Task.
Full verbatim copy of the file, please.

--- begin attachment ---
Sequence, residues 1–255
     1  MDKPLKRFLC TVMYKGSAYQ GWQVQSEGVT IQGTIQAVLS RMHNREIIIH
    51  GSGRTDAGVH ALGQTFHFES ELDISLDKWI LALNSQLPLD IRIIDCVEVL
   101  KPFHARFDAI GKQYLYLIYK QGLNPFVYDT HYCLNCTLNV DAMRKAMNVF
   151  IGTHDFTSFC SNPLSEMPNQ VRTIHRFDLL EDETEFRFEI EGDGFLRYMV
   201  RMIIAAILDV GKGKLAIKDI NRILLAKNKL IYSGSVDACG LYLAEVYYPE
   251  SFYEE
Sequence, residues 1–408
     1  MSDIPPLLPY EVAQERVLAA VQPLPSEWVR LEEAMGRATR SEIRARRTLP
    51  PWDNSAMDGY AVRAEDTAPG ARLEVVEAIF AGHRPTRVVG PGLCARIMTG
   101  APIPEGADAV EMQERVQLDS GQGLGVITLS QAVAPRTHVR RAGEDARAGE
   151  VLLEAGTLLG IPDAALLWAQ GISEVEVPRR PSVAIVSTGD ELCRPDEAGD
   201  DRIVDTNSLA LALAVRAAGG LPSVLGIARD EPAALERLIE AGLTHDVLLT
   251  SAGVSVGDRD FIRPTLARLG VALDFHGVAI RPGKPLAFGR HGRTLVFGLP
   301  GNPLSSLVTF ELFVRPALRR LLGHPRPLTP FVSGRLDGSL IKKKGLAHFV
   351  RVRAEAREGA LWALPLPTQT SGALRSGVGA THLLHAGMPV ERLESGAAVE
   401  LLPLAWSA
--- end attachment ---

Sequence, residues 1–255
     1  MDKPLKRFLC TVMYKGSAYQ GWQVQSEGVT IQGTIQAVLS RMHNREIIIH
    51  GSGRTDAGVH ALGQTFHFES ELDISLDKWI LALNSQLPLD IRIIDCVEVL
   101  KPFHARFDAI GKQYLYLIYK QGLNPFVYDT HYCLNCTLNV DAMRKAMNVF
   151  IGTHDFTSFC SNPLSEMPNQ VRTIHRFDLL EDETEFRFEI EGDGFLRYMV
   201  RMIIAAILDV GKGKLAIKDI NRILLAKNKL IYSGSVDACG LYLAEVYYPE
   251  SFYEE
Sequence, residues 1–408
     1  MSDIPPLLPY EVAQERVLAA VQPLPSEWVR LEEAMGRATR SEIRARRTLP
    51  PWDNSAMDGY AVRAEDTAPG ARLEVVEAIF AGHRPTRVVG PGLCARIMTG
   101  APIPEGADAV EMQERVQLDS GQGLGVITLS QAVAPRTHVR RAGEDARAGE
   151  VLLEAGTLLG IPDAALLWAQ GISEVEVPRR PSVAIVSTGD ELCRPDEAGD
   201  DRIVDTNSLA LALAVRAAGG LPSVLGIARD EPAALERLIE AGLTHDVLLT
   251  SAGVSVGDRD FIRPTLARLG VALDFHGVAI RPGKPLAFGR HGRTLVFGLP
   301  GNPLSSLVTF ELFVRPALRR LLGHPRPLTP FVSGRLDGSL IKKKGLAHFV
   351  RVRAEAREGA LWALPLPTQT SGALRSGVGA THLLHAGMPV ERLESGAAVE
   401  LLPLAWSA